By Kendyl Hollingsworth
For the Opelika
Valentine’s Day is a well-known and widely celebrated holiday that encourages us to show our appreciation for friends and loved ones, but the origins of this beloved day are shrouded in uncertainty.
St. Valentine’s Day as we know it contains traces of both Christian and ancient Roman traditions. The Catholic Church recognizes at least three martyred saints named Valentine or Valentinus. According to one legend, Valentine was a priest during third-century Rome who, after the emperor had outlawed marriage for young men so they could be soldiers, continued to perform marriages in secret until he was caught.
Another legend contends that he may have been killed for trying to help Christians escape the harsh conditions of Roman prisons. When Valentine was imprisoned himself, he supposedly sent the first ever “valentine” greeting to a girl he fell in love with—possibly the jailor’s daughter—which was signed “From your Valentine.”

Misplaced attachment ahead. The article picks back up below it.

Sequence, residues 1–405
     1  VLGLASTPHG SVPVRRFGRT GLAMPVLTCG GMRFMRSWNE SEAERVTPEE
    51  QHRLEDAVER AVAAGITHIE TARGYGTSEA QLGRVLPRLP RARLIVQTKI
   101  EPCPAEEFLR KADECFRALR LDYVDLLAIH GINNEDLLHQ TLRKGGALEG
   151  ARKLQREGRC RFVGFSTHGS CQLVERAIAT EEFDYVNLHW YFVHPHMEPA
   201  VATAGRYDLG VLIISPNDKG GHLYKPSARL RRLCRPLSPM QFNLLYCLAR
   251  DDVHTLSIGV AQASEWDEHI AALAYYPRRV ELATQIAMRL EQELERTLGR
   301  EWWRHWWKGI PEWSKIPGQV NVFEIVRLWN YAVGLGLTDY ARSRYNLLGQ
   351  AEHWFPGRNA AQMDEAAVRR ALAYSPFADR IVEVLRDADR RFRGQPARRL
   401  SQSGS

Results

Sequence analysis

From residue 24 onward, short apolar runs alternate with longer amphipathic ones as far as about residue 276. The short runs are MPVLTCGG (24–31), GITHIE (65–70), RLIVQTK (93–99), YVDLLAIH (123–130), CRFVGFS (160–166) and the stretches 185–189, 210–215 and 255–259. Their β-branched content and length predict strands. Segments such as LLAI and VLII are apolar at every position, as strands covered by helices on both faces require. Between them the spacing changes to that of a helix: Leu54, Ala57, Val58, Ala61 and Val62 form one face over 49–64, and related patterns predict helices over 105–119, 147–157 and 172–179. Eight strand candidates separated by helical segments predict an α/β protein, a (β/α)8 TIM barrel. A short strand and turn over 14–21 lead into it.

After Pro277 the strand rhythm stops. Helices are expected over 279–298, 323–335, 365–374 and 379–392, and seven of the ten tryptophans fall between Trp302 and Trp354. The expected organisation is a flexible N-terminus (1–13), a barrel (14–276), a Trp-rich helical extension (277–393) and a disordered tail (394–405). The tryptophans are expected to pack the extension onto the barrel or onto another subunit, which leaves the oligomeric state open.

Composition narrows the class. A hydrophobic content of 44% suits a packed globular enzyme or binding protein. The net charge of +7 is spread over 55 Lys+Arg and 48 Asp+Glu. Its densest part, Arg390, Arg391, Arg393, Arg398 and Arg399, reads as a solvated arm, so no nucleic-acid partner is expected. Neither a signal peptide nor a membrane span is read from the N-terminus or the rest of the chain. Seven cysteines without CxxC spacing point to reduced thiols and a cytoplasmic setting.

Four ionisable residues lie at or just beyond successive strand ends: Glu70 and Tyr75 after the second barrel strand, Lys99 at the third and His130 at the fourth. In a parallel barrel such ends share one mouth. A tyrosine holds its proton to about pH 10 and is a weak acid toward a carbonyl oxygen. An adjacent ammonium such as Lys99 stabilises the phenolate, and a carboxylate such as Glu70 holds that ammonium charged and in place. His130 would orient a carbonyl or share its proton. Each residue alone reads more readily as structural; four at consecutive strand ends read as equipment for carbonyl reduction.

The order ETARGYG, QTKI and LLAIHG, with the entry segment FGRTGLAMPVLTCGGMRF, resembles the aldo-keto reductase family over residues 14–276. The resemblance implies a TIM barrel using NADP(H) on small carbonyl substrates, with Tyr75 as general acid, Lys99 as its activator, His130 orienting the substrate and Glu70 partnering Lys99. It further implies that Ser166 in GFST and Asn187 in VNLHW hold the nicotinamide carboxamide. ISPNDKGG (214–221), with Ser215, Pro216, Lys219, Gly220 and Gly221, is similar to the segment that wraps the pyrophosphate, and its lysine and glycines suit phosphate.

As far as our celebration of this day of love, one possibility of its origin is an attempt around A.D. 270 to Christianize a pagan celebration, Lupercalia. This fertility festival dedicated to Faunus, the Roman god of agriculture, was celebrated on Feb. 15. The festival involved sacrificing a goat for fertility and a dog for purification, and it ended with young women being matched for a year with a bachelor. These matches often resulted in marriage.
Lupercalia was officially outlawed at the end of the 5th century, and the Pope declared Feb. 14 ‘St. Valentine’s Day.’ However, it wasn’t until the Middle Ages that the day became positively associated with love. During this time, it was a common belief across England and France that the day marked the beginning of birds’ mating season. Valentine’s greetings also rose to popularity, but the earliest known written valentine that still exists today is a 1415 poem from the Duke of Orleans to his wife.
Valentine’s Day was widely celebrated by the 17th century, and exchanging hand-made valentines became a popular tradition by the 18th century. In the 1840s, valentines began to be mass-produced, and at the turn of the century, advancements in printing technology made printed cards more popular than written ones. According to the Greeting Card Association, Valentine’s Day is now the second largest holiday of the year for card sending, with an estimated 145 million cards being sent each year outside of classroom valentines.